Moscow court orders closure of North Caucasus news Web site

New York, June 17, 2008—The Committee to Protect Journalists denounces repeated efforts by authorities in the southern Russian republic of Ingushetia to shut down the regional news Web site Ingushetiya—one of the few remaining independent news outlets covering the volatile North Caucasus—for alleged extremism.

On June 6, Kuntsevo district court in Moscow ordered the closure of the Web site, alleging it contained extremist content in a series of articles, Ingushetiya’s defense lawyer Musa Pliyev told CPJ. Ingushetiya’s owner, Magomed Yevloyev, told CPJ that he thinks authorities want to close down his site because of its critical coverage of current events in Ingushetia. He said that once the site receives the official verdict, he would appeal it before the Moscow City Court.

“We are extremely concerned about the court decision to shutter this Web site and call on Russian authorities to drop charges and allow Ingushetiya to continue its work,” CPJ Europe and Central Asia Program Coordinator Nina Ognianova said. “Coverage of the North Caucasus is scarce in Russia and the few who attempt to report on it meet government hostility, harassment, physical violence, and politicized prosecution. President Dmitry Medvedev should make good on his stated commitment to press freedom and allow independent reporting on the region.”

Yevloyev told CPJ that Ingushetia authorities have initiated more than a dozen lawsuits against the Web site in the past year. Among other regional-specific issues, the Web site covers disappearances of local residents, corruption, unemployment, and anti-government protests. It has called for Ingushetia President Murat Zyazikov to step down.

The Ingushetia regional prosecutor’s office announced on its Web site yesterday that it is ordering all Ingushetia Internet providers to block access to the Web site, including through proxy servers.

Authorities have been shuttling the extremism lawsuit against Ingushetiya between four different Russian courts, starting in February. When Ingushetia’s Supreme Court rejected a local prosecutor’s request to shutter the Web site on extremist charges in February, authorities brought the lawsuit before Russia’s Supreme Court. In March, Russia’s Supreme Court also rejected the prosecutor’s claim against the Web site, but Ingushetia authorities did not give up. They brought the lawsuit before the Moscow City Court in April. Moscow City Court officials, however, also declined to admit the case, but redirected it to the Kuntsevo District Court in Moscow for review. On June 6, the Kuntsevo District Court in Moscow issued the ruling to shut the Web site.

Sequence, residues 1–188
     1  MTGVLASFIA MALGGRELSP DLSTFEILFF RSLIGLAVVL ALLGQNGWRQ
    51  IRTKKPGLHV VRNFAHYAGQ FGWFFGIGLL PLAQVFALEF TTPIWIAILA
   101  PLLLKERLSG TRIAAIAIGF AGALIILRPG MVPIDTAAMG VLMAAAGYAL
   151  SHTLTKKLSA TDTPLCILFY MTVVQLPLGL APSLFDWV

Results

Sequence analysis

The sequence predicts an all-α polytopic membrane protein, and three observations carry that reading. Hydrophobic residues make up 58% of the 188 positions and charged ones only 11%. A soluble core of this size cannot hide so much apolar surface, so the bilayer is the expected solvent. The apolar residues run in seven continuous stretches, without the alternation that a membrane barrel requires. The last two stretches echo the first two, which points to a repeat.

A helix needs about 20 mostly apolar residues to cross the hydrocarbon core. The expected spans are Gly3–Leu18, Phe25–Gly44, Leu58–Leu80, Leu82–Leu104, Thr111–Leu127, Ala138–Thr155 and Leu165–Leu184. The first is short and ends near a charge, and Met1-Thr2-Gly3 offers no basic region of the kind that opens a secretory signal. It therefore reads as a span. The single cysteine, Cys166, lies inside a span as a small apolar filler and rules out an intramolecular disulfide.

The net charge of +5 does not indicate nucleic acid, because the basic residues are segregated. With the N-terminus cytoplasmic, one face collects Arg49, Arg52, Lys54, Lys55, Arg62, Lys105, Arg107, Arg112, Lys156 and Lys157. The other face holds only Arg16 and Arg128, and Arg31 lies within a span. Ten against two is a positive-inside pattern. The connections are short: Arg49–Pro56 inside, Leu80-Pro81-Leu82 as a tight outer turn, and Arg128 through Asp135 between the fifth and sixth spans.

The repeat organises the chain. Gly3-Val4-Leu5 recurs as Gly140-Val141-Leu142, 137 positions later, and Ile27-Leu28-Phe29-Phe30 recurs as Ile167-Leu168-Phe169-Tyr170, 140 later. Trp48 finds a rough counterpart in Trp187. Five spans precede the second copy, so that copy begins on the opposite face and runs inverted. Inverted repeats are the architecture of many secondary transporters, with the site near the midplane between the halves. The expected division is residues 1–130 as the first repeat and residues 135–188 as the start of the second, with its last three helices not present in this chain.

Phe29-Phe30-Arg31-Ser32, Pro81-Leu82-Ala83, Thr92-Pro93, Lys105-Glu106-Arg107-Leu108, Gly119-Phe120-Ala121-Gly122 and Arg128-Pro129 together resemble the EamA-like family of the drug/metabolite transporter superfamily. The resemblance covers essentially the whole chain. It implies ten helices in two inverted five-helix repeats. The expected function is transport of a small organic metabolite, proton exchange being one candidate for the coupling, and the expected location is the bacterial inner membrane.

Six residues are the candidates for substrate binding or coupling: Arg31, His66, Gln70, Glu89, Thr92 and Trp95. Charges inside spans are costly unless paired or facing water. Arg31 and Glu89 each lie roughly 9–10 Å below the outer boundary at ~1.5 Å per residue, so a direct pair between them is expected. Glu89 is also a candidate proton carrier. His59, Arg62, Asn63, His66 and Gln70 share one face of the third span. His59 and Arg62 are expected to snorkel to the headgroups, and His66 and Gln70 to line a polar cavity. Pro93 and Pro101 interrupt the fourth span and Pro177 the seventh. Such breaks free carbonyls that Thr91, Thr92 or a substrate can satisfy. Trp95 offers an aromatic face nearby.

Independent journalism is not welcomed in Ingushetia, CPJ research shows. In January, police in the regional capital of Nazran rounded up nine journalists and two human rights defenders and detained them at the local police headquarters for several hours, preventing them from reporting on an opposition protest. Two of the journalists were badly beaten.

Three months earlier, three Moscow-based REN-TV channel correspondents and a human rights activist were kidnapped by a group of about 15 camouflaged men from a hotel in Nazran and taken close to the border with Chechnya, where they were intimidated and severely beaten. When they complained to President Zyazikov about their treatment, he brushed off their account and blamed the attack on unidentified destructive forces from outside.

CPJ is a New York–based, independent, nonprofit organization that works to safeguard press freedom worldwide. For more information visit